Cliff, so tall, had to bend low to open the limo door. And out stepped Cary Grant! Tanned, silver-haired, older than his movies, more solid-looking; yet unmistakably Cary Grant. And, attentive. To me!
I have travelled all over the world and visited more than 30 countries to gather material for my stories and articles. I undertake a project because I want to immerse myself in the subject, learn more about it, and take my readers on a journey with words
Our task is to pay attention, to notice that glint of sunlight on the water, the drops of dew on blades of grass, the red flash of a cardinal against a gray winter day, fireflies blinking in the dark, and stars scattered like glitter across the black northern sky.
If art is the way in which the artist is grasping the world, beauty stands for the emotion it creates in the eyes and mind of the observer. The ability to respond to art translates into the act of beauty which is on-going and engaging.
Humans have an inner compass that guides them toward beauty. The Japanese have a word for it, kachou fuugetsu which literally means Flower Bird Wind Moon but commonly translates to “experience the beauty of nature, learn about yourself”
Beauty is a flash flood in the desert. The blooming of fireweed and arctic lupine. Beauty is turquoise, milky glacial waters rushing past alpenglow mountains. A vulture soaring in a cloudless blue sky. A sun-bleached bone resting in the sand. The way wind whispers through the trees. The smell of dark earth after rain. Beauty exists within the small moments of solitude I am granted in nature.
I meander through a terrain of browns and greens amid a dappled blue and white sky. My fingers brush tall grasses and wild flowers still wet with morning dew. I hear a symphony of birdsong and inhale the scent of pine wafting on a fresh breeze.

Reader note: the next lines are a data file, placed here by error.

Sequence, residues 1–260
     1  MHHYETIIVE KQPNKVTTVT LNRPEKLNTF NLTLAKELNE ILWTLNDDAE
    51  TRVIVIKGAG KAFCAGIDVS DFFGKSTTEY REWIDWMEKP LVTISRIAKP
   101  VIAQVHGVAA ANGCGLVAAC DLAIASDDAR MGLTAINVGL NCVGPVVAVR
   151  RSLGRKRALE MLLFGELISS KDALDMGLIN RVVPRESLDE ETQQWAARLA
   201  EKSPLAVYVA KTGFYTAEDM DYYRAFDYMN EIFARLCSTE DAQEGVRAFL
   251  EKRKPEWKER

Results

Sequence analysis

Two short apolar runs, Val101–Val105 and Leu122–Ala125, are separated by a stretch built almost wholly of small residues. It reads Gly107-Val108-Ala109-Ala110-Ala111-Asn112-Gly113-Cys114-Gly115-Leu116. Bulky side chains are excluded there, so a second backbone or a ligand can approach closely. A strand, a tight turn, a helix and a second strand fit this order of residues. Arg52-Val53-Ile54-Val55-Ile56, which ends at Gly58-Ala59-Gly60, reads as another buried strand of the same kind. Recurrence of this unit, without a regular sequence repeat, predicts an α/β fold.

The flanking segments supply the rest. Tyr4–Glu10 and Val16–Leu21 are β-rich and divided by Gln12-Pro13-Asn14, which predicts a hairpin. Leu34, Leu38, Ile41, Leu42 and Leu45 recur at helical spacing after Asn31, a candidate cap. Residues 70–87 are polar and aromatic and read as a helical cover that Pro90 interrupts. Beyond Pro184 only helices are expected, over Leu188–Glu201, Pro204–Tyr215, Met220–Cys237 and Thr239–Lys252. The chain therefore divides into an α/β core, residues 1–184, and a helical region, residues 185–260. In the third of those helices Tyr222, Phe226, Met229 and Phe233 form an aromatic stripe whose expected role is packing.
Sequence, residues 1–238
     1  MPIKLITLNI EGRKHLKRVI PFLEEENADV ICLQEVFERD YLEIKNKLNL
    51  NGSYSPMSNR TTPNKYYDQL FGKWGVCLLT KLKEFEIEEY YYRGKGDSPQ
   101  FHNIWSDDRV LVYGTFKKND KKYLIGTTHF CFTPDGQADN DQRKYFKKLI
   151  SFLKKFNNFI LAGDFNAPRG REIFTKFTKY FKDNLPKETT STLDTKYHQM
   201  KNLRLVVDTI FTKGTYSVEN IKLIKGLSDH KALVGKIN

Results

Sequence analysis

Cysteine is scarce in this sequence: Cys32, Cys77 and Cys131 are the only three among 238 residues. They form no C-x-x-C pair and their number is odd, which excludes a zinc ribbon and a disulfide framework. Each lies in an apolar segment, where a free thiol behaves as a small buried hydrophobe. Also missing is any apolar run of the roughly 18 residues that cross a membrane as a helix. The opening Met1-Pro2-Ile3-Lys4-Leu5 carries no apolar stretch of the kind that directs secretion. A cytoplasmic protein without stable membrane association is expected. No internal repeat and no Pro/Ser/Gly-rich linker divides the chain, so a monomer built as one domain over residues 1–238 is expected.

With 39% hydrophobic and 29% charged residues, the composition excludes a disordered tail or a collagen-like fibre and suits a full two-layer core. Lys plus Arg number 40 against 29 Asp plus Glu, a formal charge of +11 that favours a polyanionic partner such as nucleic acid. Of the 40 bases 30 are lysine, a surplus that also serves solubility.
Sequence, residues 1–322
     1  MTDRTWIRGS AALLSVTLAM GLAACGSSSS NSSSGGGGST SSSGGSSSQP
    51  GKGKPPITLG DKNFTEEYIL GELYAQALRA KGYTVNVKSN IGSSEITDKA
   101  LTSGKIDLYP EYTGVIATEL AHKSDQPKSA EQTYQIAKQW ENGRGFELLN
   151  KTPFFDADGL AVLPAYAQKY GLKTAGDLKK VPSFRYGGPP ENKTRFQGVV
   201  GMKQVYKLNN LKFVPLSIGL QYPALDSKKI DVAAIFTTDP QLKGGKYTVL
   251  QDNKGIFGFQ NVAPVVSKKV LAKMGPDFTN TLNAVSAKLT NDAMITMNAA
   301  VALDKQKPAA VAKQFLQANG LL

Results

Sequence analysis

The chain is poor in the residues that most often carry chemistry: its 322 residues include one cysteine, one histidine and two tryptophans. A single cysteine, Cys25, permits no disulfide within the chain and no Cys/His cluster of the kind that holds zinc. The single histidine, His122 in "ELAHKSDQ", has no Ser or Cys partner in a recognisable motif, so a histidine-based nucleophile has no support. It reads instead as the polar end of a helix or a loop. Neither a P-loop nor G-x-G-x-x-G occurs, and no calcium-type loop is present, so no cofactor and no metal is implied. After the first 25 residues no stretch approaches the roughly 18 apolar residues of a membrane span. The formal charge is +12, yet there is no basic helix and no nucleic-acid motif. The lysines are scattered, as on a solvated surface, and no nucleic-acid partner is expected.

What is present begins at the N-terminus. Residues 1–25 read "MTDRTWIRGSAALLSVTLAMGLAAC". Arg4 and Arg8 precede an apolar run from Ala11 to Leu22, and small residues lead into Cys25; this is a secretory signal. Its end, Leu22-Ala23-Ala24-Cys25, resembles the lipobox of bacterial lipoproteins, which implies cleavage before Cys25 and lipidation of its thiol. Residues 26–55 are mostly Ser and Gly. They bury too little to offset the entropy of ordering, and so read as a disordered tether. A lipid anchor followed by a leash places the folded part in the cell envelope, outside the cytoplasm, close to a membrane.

In the afternoon, sunlight hits the clear water and the rocks underneath, coloring them golden. When I gaze at the spot and then turn to look further upstream, where some Sierra peak stands in the background, I know this soars to the spiritual realm that classifies as beauty, because every way I try to describe it misses the mark.
Beauty is kindness. It it the boy that holds out his hand to the bullied child on the playground. It is the man who buys lunch for the homeless. It is woman who rescues animals. The parents that open their hearts to an orphan. The community that embraces refugees. The girl who raises her voice to protect the weak. Beauty is the smiles that are sustained during the storm.
Beauty attracts. And not just organic forms of beauty. The motion and reflective properties of water; the arresting formations assumed by igneous rock; the vague, protean fleece or domes of cloud, the variable and mysterious lights in the night sky, and the regular rise and fall of ocean waves approaching the shore.
In my youth I was forever moved by Leonard Cohen’s poem, “Suzanne.” I wanted to be her, to be the one who showed others where to look for beauty in the garbage and the seaweed. Because I saw it, too. More than three decades later, I am still blinded by the beautiful in chaos, in clutter, in the flawed, the noisy, and the broken.
I often find beauty when I’m not actively seeking it. It’s like glancing sideways at a star. I take my dog out for a walk in the frosty January morning and look up to see brilliant streaks of pink and orange announce the rising of the sun.